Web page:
Though only a beverage, wine plays an integral role in both ancient and modern history. From the Roman empire to the modern era, wine has been important both religiously and socially. It is also used in many recipes in classical and modern cuisine.
Using wine in cooking can often brighten up an otherwise bland dish. Wine helps to tenderise meat and depending if you are using red or white wine, adds a unique flavour. But how much thought do you give to choosing what wines to cook with? Chances are very little. Usually we buy cheap wines to add to food, because if it is going in the pot and will evaporate, what’s the point in using an expensive one? There are alot of differing view points about cooking wine and how much it affects the flavour of your finished dish. While nobody expects to add a $50 bottle of wine to a dish a little forethought when adding wine can make alot of difference. It is important to choose the wine according to the dish you are cooking; a coq au vin for example warrants a fruity Beaujolais to bring out the flavour of the chicken, not to overpower it. Here are some tips on choosing wine for cooking.
When a recipe calls for dry white wine a neutral Greek wine is the best bet. A Athiri (or Muscadet) or a Asyrtiko (or Bordeaux) are ideal with white meat and seafood. A dry Debina (Reisling) or Malagousia (Sauvignon Blanc ) can also be used and are particularly good in sauces. A medium dry Moschato Aspro (Reisling) is very good with fruit.
Red wine is a popular marinade ingredient. Full bodied wines produce the best marinades – Agiorgitiko (or Shiraz), Krasato (or Cabernet) or the Mavrodaphni(or Italian Barbera). For dishes that are cooked in wine, the fine delicate flavour of a Negoska (or Bordeaux or Burgundy) is ideal. Red wine can also be used with fruit juice and sugar to make a delicious sweet sauce.
Vinsanto (or Sauterne) is a popular ingredient for many dishes: it is so versatile it can be drizzled over pears or used to slowly cook a beautiful leg of lamb.
Port makes a delicious rich marinade, either a tawny or ruby can be used. Moschato (or Port) and Mavrodaphni (or Madeira) can also brighten up a bland desssert. Drizzle over a sorbet or add to sauces for that extra zing. Malagousia (or Sherry) is very versatile, a dry Liatiko (or amontillado) is excellent in chinese cuisine, while the sweeter versions are ideal for desserts, notably trifle.
The golden rule of cooking with champagne is never substitute a cheap sparkling wine. A good quality sparkling wine, however is acceptable. Look for wines that have “methode champenoise”, “appellation controlee” or “sur lie” on the bottle.
Choosing and drinking wine is very much a personal experience. We either like certain wines or we don’t. We drink red wines with meat and white wine with fish….or not. While our tastebuds differ from each other, we usually stick to the tried and tested wines to avoid disappointment and because it is safe. What a lot of us are not aware of is how certain wines can bring out the flavour of food and vice versa. Here is a guide to matching food with wine. This is not an all inclusive list and not cast in stone, but if you want to be a little more adventurous, experiment with it and let us know the results.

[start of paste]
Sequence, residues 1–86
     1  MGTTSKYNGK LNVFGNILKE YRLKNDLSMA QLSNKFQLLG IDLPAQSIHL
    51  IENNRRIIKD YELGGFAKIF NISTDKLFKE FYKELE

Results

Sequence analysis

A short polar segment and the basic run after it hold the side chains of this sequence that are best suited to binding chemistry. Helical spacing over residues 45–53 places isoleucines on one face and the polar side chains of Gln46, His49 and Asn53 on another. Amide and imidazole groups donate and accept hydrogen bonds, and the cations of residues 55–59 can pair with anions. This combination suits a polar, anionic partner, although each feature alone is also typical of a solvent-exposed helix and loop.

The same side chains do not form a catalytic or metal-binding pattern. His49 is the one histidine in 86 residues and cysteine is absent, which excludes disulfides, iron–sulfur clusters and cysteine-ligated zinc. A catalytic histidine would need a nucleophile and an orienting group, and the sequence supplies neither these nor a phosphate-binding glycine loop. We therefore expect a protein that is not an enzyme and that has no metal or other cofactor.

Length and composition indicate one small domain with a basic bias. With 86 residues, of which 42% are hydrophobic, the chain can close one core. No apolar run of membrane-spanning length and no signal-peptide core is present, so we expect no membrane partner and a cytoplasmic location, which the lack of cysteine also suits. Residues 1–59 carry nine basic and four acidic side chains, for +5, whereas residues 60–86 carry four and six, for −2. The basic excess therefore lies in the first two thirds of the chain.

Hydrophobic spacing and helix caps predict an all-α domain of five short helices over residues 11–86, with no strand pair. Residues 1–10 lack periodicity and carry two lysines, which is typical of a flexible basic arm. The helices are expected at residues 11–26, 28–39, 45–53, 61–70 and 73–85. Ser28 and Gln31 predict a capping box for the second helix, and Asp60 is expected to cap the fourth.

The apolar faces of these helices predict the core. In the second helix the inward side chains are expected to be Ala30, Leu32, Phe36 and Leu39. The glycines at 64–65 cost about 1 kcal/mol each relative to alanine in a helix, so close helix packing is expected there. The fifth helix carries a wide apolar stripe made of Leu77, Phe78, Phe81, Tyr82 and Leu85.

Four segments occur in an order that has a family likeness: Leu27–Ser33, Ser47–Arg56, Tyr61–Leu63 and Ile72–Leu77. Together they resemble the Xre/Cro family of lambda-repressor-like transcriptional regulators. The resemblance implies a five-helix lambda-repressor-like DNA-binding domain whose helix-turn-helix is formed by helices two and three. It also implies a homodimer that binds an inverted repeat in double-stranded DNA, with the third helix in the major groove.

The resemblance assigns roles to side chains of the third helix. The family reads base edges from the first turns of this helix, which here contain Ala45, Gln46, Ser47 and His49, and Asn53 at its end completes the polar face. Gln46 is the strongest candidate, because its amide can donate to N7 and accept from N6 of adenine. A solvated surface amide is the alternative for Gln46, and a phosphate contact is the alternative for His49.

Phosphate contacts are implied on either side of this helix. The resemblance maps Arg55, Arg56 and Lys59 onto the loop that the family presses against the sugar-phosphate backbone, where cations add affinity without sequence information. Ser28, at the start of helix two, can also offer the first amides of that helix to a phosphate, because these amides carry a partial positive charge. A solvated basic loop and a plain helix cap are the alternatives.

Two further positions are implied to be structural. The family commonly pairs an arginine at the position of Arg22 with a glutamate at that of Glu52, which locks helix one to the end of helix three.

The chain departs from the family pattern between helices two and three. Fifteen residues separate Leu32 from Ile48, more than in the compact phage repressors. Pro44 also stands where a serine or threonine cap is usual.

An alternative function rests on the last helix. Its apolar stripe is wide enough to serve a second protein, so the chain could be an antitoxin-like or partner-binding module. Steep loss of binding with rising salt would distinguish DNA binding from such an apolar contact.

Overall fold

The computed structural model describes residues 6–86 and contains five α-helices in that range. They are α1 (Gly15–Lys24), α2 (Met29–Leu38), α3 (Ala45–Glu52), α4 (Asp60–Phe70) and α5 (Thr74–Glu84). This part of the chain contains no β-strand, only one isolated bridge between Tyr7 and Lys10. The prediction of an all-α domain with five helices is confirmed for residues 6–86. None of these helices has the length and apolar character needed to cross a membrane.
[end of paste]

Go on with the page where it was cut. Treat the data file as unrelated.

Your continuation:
Meaty fish like cod, trout, halibut, salmon and turbot should be enjoyed with a light Chardonnay (not oaked), Sauvignon Blanc, Chenin Blanc or a dry Mosel or Riesling. Low tannin red wines with acidity are the best for fish: a light Pinot Noir or Beaujolais is ideal. Smoked fish goes well with a more full bodied wine: try an oaked Chardonnay or Gewurztraminer. Shellfish is complimented by a crisp dry white wine like Chablis, Muscadet or a dry Chenin Blanc.
Generally a dry red or white will compliment most white meat dishes. Chardonnay, Riesling, even a Gewurztraminer are excellent whites, or a Pinot Noir and Beaujolais are good red choices.
Red wine brings out the flavour of red meat, but choosing the type of wine depends on how the meat is cooked and what sauces are being used. Meats with a rich sauce such as stews, casseroles and roasts require robust, full bodied wines such as a Cabernet Sauvignon, Grenache, Shiraz, Merlot or a Barolo.
Game is often served with a fruity sauce which demands a certain fruitiness in the wine. Beaujolais or a Burgundy are good reds, while a medium dry Reisling is an excellent choice. Stronger game such as venisen or rabbit require spicy wines: a full bodied Pinot Noir, Shiraz, Cabernet or Barbera.
Although it is traditional to serve red wines with pasta, the final choice boils down to the type of sauce used with pasta. A spaghetti bolognese with a tomato sauce should be washed down with a medium Italian red wine, yet a seafood pasta could equally go well with a light Pinot Noir or a Chardonnay.
Strong vegetables can often “kill” a good wine. Therefore, it is best to err on the side of caution and stick to dry whites like Semillon or Bordeaux.
Dessert wines are the great unknown of the wine industry. Yet their delicate sweetness is a perfect accompaniment to a fine dessert. Light desserts such as mousse or a syllabub can be enjoyed with Sauterne. Pies and fruity desserts warrant a sweet Riesling or a Muscat. Very sweet desserts and chocolate can overpower so choose an Orange Muscat, Hungarian Tokay or Madeira.
While most of us enjoy a full bodied red wine or port with cheese, some white wines can also compliment your cheese board. Hard cheeses like English Cheddar and Dutch Gouda are enjoyed with a Merlot, Shiraz or Cabernet Sauvignon. Soft cheeses require a lighter touch – Pinot Noir or a medium dry Chenin Blanc. A sweeter wine – a Semillon or sweet Riesling – are ideal with smoked cheeses.
Try not to use wines labeled “cooking wines,” since they often contain salt and other additives which affect the taste of the dish.
Generally speaking, the following foods should not accompany wine because of the extreme contrasts in flavour: